<main> section of the page is a search form. But, when you type in a query such as “css” and search, several articles related to that term begin to appear on the page.
If you are looking at the page, it is obvious when the articles appear because you can see the content change. However, if you’re using a screen reader, there is no way to tell exactly when this happens. The
aria-live attribute allows us to tell assistive technology what parts of the page are likely to change. With this information, it can listen for changes to those particular elements and notify the user of any updates made.
aria-live attribute is added to specific HTML elements which we expect the content within them to change and we want the change to be communicated to users of assistive technology.
The attribute has three potential values which control if and how changes are communicated.
off value is practically the same as if the attribute was omitted entirely. Assistive technology will not keep track of changes to the elements content and, as such, will not notify its users of any changes.
In the example below, I have a
<button> element which, on click, will update the content of the
<div> below it.
<button onclick="document.getElementById('content').textContent = 'I have changed!'"> Click me to change the content of the div element below </button> <div id="content" aria-live="off"> My content will change </div>
As you’ll see in the video below, since the
<div> has the
aria-live value of
off, nothing happens when the button is clicked and the content changes.
polite value, will ensure that users of assistive technology will be notified of any changes to the element. The notification will happen at the next available point, meaning that there will not be an interruption to whatever task or information the user was currently in the process of.
Using the same example above but with the
polite value, you’ll see that the screen reader waits to finish reading the label of the button before speaking the contents of the changed
assertive value will communicate changes to the element immediately, disrupting any other task or information the user was currently in the process of.
Again, using the same example above but with the
assertive value, you’ll see that the screen reader interrupts reading the label of the button to speak the contents of the changed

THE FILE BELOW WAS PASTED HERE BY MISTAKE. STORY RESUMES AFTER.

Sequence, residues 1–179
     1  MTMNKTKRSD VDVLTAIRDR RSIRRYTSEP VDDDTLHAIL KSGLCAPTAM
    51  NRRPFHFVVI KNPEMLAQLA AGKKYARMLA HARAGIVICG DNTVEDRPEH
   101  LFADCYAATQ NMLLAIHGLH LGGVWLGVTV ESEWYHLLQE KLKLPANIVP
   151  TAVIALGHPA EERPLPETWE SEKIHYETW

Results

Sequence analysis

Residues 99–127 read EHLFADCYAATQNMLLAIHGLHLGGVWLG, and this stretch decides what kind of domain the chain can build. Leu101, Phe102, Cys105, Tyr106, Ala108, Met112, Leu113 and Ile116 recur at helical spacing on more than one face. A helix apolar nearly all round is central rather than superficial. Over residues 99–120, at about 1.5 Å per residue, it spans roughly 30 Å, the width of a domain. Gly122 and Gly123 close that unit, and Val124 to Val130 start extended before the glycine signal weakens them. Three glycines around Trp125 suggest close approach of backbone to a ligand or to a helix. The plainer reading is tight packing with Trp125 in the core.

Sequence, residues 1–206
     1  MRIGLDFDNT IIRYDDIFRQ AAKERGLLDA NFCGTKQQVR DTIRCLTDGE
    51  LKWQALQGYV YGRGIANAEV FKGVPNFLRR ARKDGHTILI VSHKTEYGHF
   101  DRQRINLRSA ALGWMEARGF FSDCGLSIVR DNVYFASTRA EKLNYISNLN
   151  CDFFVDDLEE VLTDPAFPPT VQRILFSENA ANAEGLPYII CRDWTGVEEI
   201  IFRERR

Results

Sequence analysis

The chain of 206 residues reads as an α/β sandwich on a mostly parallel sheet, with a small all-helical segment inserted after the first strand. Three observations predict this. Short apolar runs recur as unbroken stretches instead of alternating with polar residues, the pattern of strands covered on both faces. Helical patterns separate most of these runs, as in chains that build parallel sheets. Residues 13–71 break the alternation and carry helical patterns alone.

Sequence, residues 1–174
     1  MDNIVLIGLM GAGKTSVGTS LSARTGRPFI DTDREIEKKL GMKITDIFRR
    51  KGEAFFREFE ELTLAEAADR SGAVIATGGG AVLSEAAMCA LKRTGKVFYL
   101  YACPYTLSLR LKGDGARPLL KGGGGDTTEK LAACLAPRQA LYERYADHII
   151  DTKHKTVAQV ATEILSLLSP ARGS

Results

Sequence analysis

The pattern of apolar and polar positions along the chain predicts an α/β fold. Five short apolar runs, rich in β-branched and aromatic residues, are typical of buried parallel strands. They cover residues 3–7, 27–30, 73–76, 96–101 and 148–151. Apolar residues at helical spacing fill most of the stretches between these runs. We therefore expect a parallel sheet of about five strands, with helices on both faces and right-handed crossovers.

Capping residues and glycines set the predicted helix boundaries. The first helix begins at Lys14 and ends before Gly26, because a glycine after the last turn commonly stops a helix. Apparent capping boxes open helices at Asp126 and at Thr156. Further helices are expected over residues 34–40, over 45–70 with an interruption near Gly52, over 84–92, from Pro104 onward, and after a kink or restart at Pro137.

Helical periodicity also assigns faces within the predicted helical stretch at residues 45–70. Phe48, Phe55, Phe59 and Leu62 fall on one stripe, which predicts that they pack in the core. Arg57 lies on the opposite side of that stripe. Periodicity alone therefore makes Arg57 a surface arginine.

Considerations when using
If applied incorrectly, the
aria-live attribute can do more harm than good. So, it’s important to take into account a few things if we want to use it.
aria-live in the initial markup
Assistive technology will initially scan the document for instances of the
aria-live attribute to elements dynamically.
Instead, make sure that any elements that will change and needs their changes communicated, already have the
aria-live to specific elements, not the entire page
You may be thinking that a good workaround to using
aria-livewould be to just include the attribute on the
<body> element so assistive technology will keep track of any and all changes on the page.
<body aria-live="polite"> <header></header> <main> <p class="will-change"><!-- content will change --></p> <div class="will-change"><!-- content will change --></div> </main> <footer></footer> </div>
The problem with this is every single change made on the page will be communicated to the user. Think of a single page application, for example. If the main content of the page changes, the assistive technology will try to read out every single piece of text that has changed on the page, which will essentially be the entire content of the page.
This is rarely what we actually want to happen. So, we should only use
aria-live on the elements which we want their change in content actively communicated to the user.
<body> <header></header> <main> <p aria-live="polite" class="will-change"><!-- content will change --></p> <div aria-live="polite" class="will-change"><!-- content will change --></div> </main> <footer></footer> </div>
As we saw in my demo above, the
assertive value will interrupt whatever task the screen reader user is in the middle of to announce any changes to the page. Therefore, it is important to only use this value if it is absolutely necessary to communicate changes immediately as they come. In most cases, the
polite value is sufficient.
If we are certain that an element will no longer be updated, use the
off value to tell assistive technology that it no longer needs to keep track of changes.
// Change content document.querySelector(".will-change").textContent = "New content!"; // Stop tracking changes to the element document.querySelector(".will-change").setAttribute("aria-live", "off");
aria-live: an example
As I mentioned at the start of this article, a good use case for the
aria-live attribute is for places where content on the page is dynamically updated, such as the search page on this blog.
I recently updated that page to include this attribute. All I did was add the
aria-live attribute to a
<span> element, the content of which is updated when a user interacts with the form.
<section id="search-results" role="region"> <span id="search-results-message" aria-live="polite"> Use the <a href="#search-form">search form</a> above to search for articles. </span> </section>
When the form is submitted, the contents of the
#search-results-message element changes to display the number of articles found. This way, the user is informed of the completion of the search and they can continue to navigate the page as expected.
Here is how a screen reader user would interact with the form, before and after the implementation.